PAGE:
As I bring this series on astonishing generosity to a close, I want to end by talking about what it takes to “end” generously. What do we want our life legacy to be? What values do we want to pass on to our children and grandchildren? What stories do we want others to tell about us after we are gone?
I know that many of think we have lots of time to work out those questions. And indeed, we all hope that as we age, we’ll mature. (Unlike, we hope, Shakespeare’s tragic King Lear who "became old before he became wise.") And especially when it comes to being generous, magnanimous (a wonderful word that means “great-souled”), and benevolent.
We really think and plan that “someday” we will be generous. We assume that as we get older, accumulate more resources, and become more “secure”, then we’ll be able to be the generous, giving, person that we aspire to be.
Someday. Like when I am “old”. Or when I retire. Or when I pass on. At the end of my life, we think, when "all is said and done," then I’ll be able to be generous. I’ll leave money in my will to cancer research or to World Vision or my church. I’ll fund a scholarship for a worthy, needy kid to go to school from my estate. I’ll leave my children and grandchildren the resources to live much better than I do. Someday. But what I have learned is that when "all is said and done," all there is is what actually was "said and done."
Some years ago I worked as a chaplain for cancer patients. I was with a number of people when they died. Three in one day, actually. (A day I’ll never forget: A 26 year old man dying from AIDS, a 43 year old man leaving behind two teenage kids, a 86 year old man who was mostly all alone…) And here is something I learned:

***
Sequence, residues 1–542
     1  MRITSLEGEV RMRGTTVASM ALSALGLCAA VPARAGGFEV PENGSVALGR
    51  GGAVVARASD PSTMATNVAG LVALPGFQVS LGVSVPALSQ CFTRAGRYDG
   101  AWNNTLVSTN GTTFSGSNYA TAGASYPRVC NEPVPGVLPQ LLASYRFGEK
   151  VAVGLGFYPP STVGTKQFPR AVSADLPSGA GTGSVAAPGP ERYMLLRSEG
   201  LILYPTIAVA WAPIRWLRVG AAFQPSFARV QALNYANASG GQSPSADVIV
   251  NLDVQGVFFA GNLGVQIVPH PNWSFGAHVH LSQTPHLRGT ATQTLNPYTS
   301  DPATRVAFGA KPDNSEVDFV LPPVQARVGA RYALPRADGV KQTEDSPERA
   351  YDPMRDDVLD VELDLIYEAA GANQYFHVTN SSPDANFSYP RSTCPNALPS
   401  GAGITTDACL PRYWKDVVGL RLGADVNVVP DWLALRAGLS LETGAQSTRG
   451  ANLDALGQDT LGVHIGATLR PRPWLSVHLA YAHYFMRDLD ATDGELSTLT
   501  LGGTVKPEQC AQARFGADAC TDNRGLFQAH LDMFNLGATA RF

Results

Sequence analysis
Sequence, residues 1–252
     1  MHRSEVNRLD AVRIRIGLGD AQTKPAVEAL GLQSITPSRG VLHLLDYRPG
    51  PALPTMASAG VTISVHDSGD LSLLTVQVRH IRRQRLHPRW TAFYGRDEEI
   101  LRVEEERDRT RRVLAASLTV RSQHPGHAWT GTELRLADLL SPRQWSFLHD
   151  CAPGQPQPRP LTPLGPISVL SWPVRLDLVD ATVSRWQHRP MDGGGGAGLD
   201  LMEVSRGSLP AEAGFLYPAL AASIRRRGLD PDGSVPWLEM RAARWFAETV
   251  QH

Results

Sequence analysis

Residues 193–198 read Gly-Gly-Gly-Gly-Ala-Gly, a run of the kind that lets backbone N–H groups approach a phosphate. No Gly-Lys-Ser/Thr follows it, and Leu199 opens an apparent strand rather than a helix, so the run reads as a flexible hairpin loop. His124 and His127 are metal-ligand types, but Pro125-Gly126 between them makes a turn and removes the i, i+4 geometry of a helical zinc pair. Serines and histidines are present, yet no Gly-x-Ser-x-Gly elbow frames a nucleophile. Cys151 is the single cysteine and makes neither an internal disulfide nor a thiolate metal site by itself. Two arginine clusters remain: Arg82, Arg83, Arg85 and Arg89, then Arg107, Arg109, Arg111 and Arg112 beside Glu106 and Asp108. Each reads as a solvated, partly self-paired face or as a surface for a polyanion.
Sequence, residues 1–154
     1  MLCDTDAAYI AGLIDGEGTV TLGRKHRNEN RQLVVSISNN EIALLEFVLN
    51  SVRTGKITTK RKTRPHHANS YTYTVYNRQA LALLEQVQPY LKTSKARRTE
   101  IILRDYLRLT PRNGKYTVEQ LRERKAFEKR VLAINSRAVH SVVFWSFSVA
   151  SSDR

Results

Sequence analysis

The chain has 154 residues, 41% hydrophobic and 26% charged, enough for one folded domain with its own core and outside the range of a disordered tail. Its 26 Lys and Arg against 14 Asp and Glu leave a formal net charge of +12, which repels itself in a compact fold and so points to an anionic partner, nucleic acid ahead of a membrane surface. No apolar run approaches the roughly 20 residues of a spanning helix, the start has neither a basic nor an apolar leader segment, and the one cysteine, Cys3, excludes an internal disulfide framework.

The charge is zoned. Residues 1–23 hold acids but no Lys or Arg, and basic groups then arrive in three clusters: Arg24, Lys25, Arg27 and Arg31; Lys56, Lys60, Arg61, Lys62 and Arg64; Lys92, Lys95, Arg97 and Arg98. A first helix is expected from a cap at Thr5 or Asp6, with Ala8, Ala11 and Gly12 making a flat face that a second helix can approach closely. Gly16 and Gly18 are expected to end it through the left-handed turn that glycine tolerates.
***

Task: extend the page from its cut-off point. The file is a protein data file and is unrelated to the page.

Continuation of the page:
By and large there are few big “conversion” experiences at the end of life. The thief on the cross may have made a big change in the last moment while hanging next to Jesus, but most of us don’t. As one of my friends has said, “Throughout life, we remain ourselves…only more so.”
If we are estranged from loved ones in life, we’ll, by and large, carry grudges and feuds all the way to our death beds. The stubborn agnostic, who was cynical about people going to church all his days, tends to go equally cynically into that good night. The person who has pinched every penny will even at the end be checking his portolio on the web instead of hugging his kids. I knew one woman who was so self-conscious about her weight and cholesterol that even while she was wasting away from cancer, she refused to eat butter.
In the same way, those who were tenderhearted, generous and thoughtful of others through life, tended to face death with a magnanimous spirit that inspired the people around them. Sunday school teachers died while singing “Jesus loves me”. Gracious and forgiving people went out of their way to settle accounts. And those who told their loved ones that they loved them through out life, lavished love on others at the end of life.
Those who tended to think that they got a raw deal in life, tended to face death with resentment; but those who were lived with gratitude died with a deep sense of the amazing grace that surrounded them.
When I asked an 84-year-old pastor how he was feeling when he checked into the hospital with advanced colon cancer, he sat up in bed, looked at this then 26-year-old chaplain-intern and said to me, “Pastor, I have been married to the same woman for 60 years. I have served the Lord for even longer. I have lived a very good life. If I can just get out of this bed long enough to officiate my grandson’s wedding this Saturday, then I’ll be glad to go see my Lord.”
All in all, what I learned from those facing the end of life has been my motivation for every day of my life. How do you want to end your days? How do you want to be remembered? Whatever legacy that we want to leave behind requires that we start living that legacy now. We think that things will someday be different, but the truth is that you’ll go as you went.
You’ll go as you went.